They are also strong enough to deter most visitors, friends, and allies. In fact, when I first set eyes on the new consulate in 2005, what struck me most was how much it looked like a maximum-security prison—without the charm. All that was missing was a moat filled with alligators and a sign that said in big red letters: "Attention! You are now approaching the U.S. consulate in Istanbul. Any sudden movements and you will be shot without warning. All visitors welcome." They could have filmed the Turkish prison movie "Midnight Express" there.
But here's a hard truth: Some U.S. diplomats are probably alive today thanks to this fortress. Because on November 20, 2003, as President George W. Bush was in London meeting with then prime minister Tony Blair, and about six months after the new U.S. consulate in Istanbul had been opened, Turkish Muslim terrorists detonated truck bombs at the HSBC bank and the British consulate in Istanbul, killing thirty people, including Britain's consul general, and wounding at least four hundred others. The bomb-ravaged British mission was just a short walk from the Palazzo Corpi.
One of the terrorists captured after the attack reportedly told Turkish police that his group had wanted to blow up the new U.S. consulate, but when they checked out the facility in Istinye, they found it impregnable. A senior U.S. diplomat in Istanbul told me more of the story: According to Turkish security officials, the terrorist said the new U.S. consulate was so secure, "they don't let birds fly" there. I never forgot that image: It was so well guarded they don't even let birds fly there . . .
(That point was reinforced on July 9, 2008, when Turkish police outside the consulate killed three terrorists apparently trying to breach its walls.)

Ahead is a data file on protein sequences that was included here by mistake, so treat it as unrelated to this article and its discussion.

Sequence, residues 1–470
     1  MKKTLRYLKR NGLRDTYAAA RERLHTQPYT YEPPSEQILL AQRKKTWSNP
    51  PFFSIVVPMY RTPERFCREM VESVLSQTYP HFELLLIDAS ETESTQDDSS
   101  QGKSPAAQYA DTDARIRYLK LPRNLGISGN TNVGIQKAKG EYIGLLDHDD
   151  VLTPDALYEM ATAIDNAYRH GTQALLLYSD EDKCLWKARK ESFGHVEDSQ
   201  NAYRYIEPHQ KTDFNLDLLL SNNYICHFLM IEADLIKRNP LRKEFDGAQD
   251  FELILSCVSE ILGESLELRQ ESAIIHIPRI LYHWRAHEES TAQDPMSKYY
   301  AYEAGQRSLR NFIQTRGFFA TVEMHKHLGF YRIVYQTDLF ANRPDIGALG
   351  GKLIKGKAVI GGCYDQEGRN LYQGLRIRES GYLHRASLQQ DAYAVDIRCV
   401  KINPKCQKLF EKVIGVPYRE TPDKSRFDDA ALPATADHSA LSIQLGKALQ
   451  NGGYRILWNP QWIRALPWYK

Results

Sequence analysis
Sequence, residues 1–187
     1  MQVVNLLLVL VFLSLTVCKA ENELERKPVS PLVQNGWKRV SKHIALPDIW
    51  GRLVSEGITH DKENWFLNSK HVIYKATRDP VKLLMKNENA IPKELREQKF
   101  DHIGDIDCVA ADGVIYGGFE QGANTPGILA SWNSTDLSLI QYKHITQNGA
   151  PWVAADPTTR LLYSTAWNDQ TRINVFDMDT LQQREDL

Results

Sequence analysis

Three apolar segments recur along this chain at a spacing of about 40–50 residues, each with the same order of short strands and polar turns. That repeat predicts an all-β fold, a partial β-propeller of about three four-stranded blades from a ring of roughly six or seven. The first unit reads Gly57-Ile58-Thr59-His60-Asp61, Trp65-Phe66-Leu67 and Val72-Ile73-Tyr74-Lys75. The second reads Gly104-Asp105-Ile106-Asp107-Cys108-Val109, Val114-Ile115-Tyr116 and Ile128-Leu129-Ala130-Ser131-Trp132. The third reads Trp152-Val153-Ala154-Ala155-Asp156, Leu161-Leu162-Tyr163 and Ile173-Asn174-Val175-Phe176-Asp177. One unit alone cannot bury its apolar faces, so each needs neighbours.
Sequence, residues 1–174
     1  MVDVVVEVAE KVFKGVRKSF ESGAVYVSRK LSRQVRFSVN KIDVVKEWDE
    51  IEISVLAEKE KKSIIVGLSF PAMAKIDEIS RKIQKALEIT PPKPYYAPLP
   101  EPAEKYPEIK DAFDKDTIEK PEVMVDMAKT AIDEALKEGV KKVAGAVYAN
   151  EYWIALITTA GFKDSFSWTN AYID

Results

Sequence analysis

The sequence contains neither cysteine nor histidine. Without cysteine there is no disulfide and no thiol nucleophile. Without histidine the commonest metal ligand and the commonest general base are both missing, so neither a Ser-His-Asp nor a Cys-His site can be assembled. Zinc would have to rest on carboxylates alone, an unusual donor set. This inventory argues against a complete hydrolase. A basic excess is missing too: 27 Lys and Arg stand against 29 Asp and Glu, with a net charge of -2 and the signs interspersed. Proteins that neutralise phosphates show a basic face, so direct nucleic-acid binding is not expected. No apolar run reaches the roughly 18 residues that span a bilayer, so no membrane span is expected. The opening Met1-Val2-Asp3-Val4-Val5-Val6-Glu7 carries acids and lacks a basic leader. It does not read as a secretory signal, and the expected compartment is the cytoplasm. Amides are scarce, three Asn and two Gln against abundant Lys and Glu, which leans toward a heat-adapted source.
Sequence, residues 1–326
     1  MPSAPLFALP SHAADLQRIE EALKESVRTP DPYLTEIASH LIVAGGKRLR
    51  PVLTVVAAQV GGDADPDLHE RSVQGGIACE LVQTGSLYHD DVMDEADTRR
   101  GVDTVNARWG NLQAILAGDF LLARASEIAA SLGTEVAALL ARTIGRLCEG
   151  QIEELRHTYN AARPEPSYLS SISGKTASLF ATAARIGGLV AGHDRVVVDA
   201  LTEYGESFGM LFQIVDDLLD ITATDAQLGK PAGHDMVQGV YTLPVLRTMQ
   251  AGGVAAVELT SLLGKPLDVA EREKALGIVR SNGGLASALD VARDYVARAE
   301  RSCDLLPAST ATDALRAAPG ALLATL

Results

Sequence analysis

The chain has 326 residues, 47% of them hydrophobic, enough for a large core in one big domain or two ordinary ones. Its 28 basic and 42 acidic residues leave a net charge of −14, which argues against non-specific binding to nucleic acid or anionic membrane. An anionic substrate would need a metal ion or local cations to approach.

Tinawi and I swapped impressions about the corrosive impact such security restrictions were having on foreigners' perceptions of America and on America's perceptions of itself. As an Arab-American, he was clearly bothered by this, and he could tell from my column that I was too. Because a place where birds don't fly is a place where people don't mix, ideas don't get sparked, friendships don't get forged, stereotypes don't get broken, collaboration doesn't happen, trust doesn't get built, and freedom doesn't ring.
That is not the kind of place we want America to be. That is not the kind of place we can afford America to be. An America living in a defensive crouch cannot fully tap the vast rivers of idealism, innovation, volunteerism, and philanthropy that still flow through our nation. And it cannot play the vital role it has long played for the rest of the world—as a beacon of hope and the country that can always be counted on to lead the world in response to whatever is the most important challenge of the day. We need that America—and we need to be that America—more than ever today.
Excerpted from "Hot, Flat, and Crowded" by Thomas L. Friedman. Copyright © 2008 by Thomas L. Friedman. Published in September 2008 by Farrar, Straus and Giroux, LLC. All rights reserved.